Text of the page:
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8
Jun

What Do I Need to Know About Overweight and Obesity?

Overweight and obesity are two separate but closely related health problems. The World Health Organization defines both as the excessive and abnormal accumulation of fat resulting in a greater risk for chronic diseases. Comparatively, the National Heart Lung and Blood Institute defines overweight as the excess weight brought about by extra muscle mass, bone mass, fat or even water weight while obesity means having excess loads of fats.

The most commonly used measure for overweight and obesity is the BMI or the body mass index. It is computed by getting a patient’s weight in kilograms and dividing it by the square of that same patient’s height in meters. The BMI cut-off for obesity is 30 and above while for overweight, more than 25 is generally considered as overweight.

What’s the fuss about overweight and obesity?

Do you ever wonder why the present generation of scientists and health care professionals keep on bugging the public to reach a normal weight? You see, being overweight or grossly obese are major risk factors for many chronic diseases. These problematic diseases include type 2 diabetes, cardiovascular problems, increased blood cholesterol level, stroke and even cancer. Overweight and obesity were once considered a problem exclusive to highly industrialized countries. However, nowadays, even developing and underdeveloped countries have their share in this potentially morbidity-producing health risks.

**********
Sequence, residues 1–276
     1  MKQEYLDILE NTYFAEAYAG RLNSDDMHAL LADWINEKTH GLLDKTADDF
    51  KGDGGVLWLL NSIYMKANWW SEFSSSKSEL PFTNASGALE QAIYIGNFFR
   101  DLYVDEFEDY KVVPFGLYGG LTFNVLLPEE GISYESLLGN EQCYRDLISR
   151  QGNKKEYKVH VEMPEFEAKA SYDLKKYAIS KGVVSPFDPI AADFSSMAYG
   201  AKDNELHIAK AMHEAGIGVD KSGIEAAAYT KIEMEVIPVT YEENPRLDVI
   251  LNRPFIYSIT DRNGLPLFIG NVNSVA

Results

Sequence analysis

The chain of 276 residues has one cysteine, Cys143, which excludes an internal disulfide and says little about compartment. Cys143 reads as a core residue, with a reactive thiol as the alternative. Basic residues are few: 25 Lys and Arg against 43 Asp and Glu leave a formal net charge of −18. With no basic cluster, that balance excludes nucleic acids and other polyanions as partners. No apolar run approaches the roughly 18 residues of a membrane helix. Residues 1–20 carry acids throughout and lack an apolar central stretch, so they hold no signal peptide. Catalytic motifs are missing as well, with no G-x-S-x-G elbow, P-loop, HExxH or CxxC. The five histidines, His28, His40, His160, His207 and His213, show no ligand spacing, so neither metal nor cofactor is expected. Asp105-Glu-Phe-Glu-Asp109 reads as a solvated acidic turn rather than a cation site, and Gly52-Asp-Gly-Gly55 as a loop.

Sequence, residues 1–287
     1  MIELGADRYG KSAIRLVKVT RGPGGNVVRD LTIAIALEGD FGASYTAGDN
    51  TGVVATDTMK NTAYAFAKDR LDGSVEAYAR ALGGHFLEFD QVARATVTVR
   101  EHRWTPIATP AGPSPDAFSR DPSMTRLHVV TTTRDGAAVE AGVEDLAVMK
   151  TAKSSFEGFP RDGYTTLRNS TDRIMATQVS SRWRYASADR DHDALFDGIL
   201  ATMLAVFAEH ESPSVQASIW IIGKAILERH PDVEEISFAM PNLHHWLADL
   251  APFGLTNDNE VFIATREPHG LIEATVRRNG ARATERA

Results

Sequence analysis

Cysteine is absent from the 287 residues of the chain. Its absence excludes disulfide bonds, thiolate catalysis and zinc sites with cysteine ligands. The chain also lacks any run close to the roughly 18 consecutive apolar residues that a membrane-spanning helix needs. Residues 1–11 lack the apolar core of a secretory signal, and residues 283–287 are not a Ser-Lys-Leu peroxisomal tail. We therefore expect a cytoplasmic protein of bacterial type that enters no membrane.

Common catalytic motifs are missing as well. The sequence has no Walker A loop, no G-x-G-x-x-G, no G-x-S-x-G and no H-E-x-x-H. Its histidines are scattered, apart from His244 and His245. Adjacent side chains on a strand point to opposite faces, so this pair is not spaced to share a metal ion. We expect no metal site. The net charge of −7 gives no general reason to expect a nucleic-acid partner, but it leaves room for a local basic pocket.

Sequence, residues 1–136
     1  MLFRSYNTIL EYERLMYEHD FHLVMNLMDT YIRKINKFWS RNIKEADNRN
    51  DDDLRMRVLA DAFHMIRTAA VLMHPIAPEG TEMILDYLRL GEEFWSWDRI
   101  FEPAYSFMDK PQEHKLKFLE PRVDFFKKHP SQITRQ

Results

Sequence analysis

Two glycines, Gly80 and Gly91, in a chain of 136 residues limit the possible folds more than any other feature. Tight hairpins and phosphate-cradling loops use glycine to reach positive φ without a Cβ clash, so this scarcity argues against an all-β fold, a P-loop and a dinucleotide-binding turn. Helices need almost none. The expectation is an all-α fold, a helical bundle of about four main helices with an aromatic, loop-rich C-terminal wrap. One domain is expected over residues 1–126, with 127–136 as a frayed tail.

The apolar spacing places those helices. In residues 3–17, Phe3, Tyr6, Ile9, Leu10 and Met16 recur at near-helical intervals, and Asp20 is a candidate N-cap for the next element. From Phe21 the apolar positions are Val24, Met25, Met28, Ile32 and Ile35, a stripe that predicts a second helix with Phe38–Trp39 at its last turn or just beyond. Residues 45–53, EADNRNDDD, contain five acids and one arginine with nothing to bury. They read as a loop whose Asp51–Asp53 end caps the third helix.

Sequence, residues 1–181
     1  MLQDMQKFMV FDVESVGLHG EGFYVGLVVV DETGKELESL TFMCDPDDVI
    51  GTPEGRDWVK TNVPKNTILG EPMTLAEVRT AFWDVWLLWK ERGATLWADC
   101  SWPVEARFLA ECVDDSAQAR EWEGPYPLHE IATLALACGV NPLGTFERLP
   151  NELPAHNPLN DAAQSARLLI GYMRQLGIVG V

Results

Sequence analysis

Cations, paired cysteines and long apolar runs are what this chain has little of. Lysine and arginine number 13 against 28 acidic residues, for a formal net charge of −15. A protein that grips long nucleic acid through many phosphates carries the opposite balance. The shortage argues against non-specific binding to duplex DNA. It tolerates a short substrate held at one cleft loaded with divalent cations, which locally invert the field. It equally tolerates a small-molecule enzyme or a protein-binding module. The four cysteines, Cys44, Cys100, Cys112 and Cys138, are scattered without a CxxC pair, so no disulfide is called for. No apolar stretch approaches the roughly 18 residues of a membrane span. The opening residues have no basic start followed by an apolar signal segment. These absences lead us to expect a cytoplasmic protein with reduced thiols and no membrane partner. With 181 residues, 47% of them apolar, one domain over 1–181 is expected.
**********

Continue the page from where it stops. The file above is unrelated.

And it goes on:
As mentioned in the 2007-2008 data of the National Health and Nutrition Examination Survey (NHANES), the American prevalence of overweight and obesity in adults is 68 percent. However, not only adults are affected by this weight problems. For the past thirty years, children were observed to grow heavier in weight and statistics as well. In fact, childhood obesity has doubled among children ages 2 to 5 years of age. It has grown thrice among children aged 6 to 11 years old and in adolescents aged 12 to 19, the statistics has also tripled.

How is your BMI?